Eyes in the Heat: Optics and Violence: A New Museum at Queens West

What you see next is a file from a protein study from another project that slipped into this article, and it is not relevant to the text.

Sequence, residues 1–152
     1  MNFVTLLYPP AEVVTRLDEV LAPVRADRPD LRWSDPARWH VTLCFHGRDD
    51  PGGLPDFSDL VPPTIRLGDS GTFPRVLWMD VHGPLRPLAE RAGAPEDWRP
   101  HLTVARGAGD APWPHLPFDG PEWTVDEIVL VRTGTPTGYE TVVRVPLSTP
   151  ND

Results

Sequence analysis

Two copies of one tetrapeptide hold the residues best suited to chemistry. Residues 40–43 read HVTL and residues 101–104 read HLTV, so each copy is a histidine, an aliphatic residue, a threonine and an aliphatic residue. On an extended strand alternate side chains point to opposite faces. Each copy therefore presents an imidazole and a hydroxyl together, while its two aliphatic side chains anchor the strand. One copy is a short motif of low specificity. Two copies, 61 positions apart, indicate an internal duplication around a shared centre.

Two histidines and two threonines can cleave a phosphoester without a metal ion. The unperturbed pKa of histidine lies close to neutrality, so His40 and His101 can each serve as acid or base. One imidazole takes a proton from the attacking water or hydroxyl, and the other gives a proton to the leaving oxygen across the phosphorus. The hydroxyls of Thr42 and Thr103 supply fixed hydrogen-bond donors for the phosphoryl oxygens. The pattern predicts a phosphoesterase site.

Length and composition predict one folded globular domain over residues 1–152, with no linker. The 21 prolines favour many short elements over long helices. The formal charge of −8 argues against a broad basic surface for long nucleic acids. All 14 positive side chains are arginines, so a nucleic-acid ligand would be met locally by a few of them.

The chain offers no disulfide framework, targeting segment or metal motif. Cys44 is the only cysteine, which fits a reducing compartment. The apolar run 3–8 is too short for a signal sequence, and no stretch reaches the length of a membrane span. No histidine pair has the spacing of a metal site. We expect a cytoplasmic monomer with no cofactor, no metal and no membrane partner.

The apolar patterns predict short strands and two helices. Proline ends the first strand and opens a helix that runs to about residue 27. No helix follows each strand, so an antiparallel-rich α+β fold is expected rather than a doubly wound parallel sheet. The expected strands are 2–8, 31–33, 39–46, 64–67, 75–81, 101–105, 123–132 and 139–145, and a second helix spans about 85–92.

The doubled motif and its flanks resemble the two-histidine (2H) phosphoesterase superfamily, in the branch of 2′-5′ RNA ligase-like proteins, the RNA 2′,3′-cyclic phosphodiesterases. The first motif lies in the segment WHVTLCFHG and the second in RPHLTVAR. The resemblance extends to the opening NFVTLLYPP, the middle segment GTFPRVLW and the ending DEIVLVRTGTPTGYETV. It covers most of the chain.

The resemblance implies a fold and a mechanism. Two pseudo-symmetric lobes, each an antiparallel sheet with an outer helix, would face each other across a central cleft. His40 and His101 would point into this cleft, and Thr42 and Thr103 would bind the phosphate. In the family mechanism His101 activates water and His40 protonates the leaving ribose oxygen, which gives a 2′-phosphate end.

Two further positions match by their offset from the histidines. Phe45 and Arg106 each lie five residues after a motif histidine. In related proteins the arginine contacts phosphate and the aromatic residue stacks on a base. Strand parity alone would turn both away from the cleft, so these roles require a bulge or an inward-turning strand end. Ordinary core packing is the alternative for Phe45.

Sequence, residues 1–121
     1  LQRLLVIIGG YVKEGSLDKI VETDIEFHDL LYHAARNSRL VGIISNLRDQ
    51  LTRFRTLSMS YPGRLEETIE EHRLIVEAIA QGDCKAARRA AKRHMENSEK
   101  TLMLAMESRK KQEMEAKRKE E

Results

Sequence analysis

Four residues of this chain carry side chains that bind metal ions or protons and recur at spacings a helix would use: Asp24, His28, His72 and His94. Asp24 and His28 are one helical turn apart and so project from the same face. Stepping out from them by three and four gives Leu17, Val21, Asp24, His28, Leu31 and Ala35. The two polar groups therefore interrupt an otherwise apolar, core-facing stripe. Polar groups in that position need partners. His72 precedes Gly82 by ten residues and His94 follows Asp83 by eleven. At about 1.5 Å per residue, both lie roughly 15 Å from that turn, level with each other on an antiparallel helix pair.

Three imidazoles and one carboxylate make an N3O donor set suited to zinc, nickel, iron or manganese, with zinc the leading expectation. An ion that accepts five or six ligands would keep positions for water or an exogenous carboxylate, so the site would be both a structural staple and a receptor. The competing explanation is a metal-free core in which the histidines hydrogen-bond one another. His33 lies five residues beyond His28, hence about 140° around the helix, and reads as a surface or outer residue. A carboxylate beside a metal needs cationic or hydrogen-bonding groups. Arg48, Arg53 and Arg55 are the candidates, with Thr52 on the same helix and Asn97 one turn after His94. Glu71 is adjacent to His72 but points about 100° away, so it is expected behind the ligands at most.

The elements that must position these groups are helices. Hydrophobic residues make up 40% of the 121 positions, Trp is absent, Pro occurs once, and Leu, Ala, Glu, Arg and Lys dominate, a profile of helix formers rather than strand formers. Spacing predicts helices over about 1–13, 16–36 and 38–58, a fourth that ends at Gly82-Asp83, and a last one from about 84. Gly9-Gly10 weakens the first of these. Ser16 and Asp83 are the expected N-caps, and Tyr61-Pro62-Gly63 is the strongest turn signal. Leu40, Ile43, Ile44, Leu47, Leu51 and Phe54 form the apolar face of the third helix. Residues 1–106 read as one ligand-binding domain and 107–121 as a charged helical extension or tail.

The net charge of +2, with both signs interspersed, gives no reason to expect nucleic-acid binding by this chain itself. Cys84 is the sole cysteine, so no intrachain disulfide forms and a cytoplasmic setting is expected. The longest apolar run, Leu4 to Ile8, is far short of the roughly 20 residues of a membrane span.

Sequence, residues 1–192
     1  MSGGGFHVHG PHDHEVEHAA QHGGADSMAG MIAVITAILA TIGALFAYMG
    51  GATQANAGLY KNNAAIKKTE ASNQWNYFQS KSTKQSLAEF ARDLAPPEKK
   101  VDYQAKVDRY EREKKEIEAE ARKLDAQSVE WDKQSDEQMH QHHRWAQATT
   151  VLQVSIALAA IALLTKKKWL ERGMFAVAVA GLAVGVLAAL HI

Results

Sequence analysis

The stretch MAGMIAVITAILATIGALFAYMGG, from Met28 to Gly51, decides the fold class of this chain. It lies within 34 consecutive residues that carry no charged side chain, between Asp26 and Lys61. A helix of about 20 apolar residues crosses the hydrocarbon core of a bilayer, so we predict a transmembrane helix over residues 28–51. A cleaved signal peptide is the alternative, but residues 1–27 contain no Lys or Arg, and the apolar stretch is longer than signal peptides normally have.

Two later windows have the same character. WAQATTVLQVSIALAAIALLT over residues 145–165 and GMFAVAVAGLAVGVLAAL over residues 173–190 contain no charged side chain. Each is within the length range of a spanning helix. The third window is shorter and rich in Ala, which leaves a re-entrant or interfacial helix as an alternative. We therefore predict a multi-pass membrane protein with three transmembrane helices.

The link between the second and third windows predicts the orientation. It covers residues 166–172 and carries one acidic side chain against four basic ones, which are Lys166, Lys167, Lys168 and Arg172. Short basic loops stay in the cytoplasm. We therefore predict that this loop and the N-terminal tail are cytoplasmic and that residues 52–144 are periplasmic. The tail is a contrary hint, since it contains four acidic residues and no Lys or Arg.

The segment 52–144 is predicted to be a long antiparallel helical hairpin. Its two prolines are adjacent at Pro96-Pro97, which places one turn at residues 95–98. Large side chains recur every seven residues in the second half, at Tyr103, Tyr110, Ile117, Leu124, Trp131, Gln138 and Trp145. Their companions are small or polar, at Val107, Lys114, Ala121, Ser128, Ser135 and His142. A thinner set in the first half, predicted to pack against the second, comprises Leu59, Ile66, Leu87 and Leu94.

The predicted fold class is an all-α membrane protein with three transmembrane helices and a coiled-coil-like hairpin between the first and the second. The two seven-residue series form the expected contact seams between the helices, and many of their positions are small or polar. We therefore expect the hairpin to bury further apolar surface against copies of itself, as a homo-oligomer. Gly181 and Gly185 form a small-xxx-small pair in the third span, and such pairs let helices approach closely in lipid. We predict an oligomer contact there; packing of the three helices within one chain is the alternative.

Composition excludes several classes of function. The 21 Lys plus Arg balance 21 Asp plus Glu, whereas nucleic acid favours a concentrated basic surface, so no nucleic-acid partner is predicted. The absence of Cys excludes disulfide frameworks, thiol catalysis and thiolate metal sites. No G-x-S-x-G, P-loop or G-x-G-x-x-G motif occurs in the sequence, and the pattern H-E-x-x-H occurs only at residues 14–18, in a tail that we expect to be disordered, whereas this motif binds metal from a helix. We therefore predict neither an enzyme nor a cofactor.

Project Description: Long Island City, New York CityTwo major initiatives have created significant new pressure on the redevelopment of Long Island City in New York. The planning for NYC 2012 – New York\'s bid for the Olympics – and the recently opened Long Island Railroad Station at Queens West have both contributed to the development of a major new East/West axis of development in New York. Long Island City is already the home of several significant cultural institutions: MoMA Queens, PS-1, The Isamu Naguchi Garden Museum, as well as the Museum of the Moving Image. The waterfront property at Queens West is also currently being developed as housing and new office space by the Rockrose Development Group and the Olympics planning calls for the construction of new housing adjacent to the current Rockrose plans. Long Island City will gain significant new access to the greater NY metropolitan region with the anticipated extension of the Number 7 Subway line: this is planned to connect the West Side of Manhattan beyond Pennsylvania Station with new and refurbished stops in Long Island City. Along with a newly planned Metro North Station on the West Side, major new potentials in infrastructure will make it likely that the most significant growth in the New York region during the next decade will follow an East/West rather than north-south axis. This studio will examine the infrastructural redevelopment and anticipated new regional growth of Queens West prior to designing a new Institutional building for a site in region. Our client will be the NYC Economic Development Corporation (EDC), whose \”Special Projects Unit\” is focusing on Long Island City as well as Lower Manhattan, downtown Brooklyn Governor\'s Island, and the Greenpoint waterfront rezoning.Program: Institutional Buildings: The New Photography Museum at Queens WestA view from somewhere else: a view to distant violenceOn a site at Queens West in Long Island City we will look at the making of the post-war city and the role of institutional building in the redevelopment processes that today are redefining regions such as Long Island City. The program – a Photography Museum at Queens West – will examine the formation of the post war city through a study of two realms of 20th century photography that were decisive at the end of the World War II. The first is the role of photojournalism and the wartime image; the second is the experimental phase of photography lead by Moholy Nagy and Man Ray – works that explored abstraction by way of the technical aspects of the photographic process itself. In the first case we will examine the role of the narrative in photojournalism, the chronicle of human participation, and, in particular, human emotion in conflict and the emergence of industrial war. In the second case we will look specifically at the role of abstraction in optics and lens techniques, and the potential of what Man Ray called \”photography without machines\” – the rayograph, a photograph made by placing objects directly upon photo paper and without a negative. Man Ray considered the rayograph a natural image because it was not produced with a \”machine.\”What are the potentials of Man Ray\'s and Moholy Nagy\'s work in relation to architecture and, in particular, to architectural types reliant on optic techniques and industrialization? The Winter Garden as a utopian environment fabricated in steel, iron and glass – perfected at the dawn of the last century coincident with modern war – will serve as our starting point. The Winter Garden enclosed nature, controlling the flux of seasons within a bounded industrial \”machine.\” The rayograph, inversely, is said to produce a \”natural\” image of the machine: \”instead of mechanically produced images of nature (the photographer\'s traditional subject),\” Man Ray produced a machine age art that often evoked emotion, and sincerity.From this beginning we will examine the d